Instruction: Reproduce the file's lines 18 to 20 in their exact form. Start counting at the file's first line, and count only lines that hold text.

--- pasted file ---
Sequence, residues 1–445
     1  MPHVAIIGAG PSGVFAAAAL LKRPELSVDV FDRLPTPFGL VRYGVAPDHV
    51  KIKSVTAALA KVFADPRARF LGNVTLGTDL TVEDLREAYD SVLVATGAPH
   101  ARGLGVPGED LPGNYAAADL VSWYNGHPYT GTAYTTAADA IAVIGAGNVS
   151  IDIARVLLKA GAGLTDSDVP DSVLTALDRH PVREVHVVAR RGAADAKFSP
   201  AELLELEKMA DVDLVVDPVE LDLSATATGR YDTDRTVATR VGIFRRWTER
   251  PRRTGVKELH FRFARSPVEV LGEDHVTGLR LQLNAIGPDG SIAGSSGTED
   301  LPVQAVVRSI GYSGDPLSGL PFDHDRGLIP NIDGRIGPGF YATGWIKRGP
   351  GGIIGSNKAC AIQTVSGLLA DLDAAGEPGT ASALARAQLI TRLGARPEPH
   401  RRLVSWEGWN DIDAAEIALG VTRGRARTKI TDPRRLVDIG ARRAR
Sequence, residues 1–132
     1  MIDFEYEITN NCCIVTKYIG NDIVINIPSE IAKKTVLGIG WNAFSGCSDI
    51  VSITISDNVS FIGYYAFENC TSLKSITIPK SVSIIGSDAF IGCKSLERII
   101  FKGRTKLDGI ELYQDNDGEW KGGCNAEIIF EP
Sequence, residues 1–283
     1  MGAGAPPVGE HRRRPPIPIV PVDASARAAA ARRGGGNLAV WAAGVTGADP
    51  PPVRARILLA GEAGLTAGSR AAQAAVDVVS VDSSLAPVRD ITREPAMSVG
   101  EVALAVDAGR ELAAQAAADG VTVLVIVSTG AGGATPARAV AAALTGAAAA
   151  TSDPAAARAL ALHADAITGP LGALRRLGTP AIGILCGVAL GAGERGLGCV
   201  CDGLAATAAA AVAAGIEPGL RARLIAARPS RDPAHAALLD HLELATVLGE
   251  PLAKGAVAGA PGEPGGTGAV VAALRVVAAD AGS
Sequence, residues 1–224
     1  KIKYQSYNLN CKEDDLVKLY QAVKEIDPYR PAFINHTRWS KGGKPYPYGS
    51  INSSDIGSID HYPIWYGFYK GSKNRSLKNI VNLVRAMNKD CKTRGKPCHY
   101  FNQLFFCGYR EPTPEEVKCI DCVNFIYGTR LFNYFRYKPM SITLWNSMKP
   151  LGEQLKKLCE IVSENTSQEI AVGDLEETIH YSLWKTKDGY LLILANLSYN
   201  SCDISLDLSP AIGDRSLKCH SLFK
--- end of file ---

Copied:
   101  EVALAVDAGR ELAAQAAADG VTVLVIVSTG AGGATPARAV AAALTGAAAA
   151  TSDPAAARAL ALHADAITGP LGALRRLGTP AIGILCGVAL GAGERGLGCV
   201  CDGLAATAAA AVAAGIEPGL RARLIAARPS RDPAHAALLD HLELATVLGE